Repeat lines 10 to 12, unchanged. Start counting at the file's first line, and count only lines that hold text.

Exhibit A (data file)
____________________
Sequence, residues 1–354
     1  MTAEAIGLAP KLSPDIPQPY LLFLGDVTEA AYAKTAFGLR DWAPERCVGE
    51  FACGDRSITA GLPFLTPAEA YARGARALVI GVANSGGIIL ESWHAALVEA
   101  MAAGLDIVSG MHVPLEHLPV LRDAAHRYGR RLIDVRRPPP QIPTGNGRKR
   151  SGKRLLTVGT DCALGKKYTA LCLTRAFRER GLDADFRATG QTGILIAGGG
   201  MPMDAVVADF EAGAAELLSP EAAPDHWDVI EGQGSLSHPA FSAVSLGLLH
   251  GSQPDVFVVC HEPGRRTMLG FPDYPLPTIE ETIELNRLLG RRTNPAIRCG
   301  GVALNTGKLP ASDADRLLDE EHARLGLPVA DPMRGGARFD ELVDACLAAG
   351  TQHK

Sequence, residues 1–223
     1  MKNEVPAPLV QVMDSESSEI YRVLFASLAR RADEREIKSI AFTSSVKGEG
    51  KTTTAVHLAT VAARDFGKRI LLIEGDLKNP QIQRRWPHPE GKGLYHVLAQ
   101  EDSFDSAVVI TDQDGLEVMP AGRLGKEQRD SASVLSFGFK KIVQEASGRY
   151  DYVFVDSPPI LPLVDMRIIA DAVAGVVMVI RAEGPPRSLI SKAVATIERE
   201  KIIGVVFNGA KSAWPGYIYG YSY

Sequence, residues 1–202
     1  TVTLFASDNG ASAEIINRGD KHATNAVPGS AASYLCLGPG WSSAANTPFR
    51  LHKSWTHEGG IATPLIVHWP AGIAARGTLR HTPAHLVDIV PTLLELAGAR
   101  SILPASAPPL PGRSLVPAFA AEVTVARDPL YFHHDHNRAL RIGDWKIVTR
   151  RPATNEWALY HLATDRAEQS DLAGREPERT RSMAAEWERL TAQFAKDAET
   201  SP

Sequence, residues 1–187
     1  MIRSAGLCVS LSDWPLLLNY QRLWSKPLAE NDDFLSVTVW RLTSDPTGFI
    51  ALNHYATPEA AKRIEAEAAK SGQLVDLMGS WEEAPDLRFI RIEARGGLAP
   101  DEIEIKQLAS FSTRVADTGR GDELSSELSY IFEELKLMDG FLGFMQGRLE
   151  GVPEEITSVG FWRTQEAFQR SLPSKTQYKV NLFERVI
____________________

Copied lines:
Sequence, residues 1–223
     1  MKNEVPAPLV QVMDSESSEI YRVLFASLAR RADEREIKSI AFTSSVKGEG
    51  KTTTAVHLAT VAARDFGKRI LLIEGDLKNP QIQRRWPHPE GKGLYHVLAQ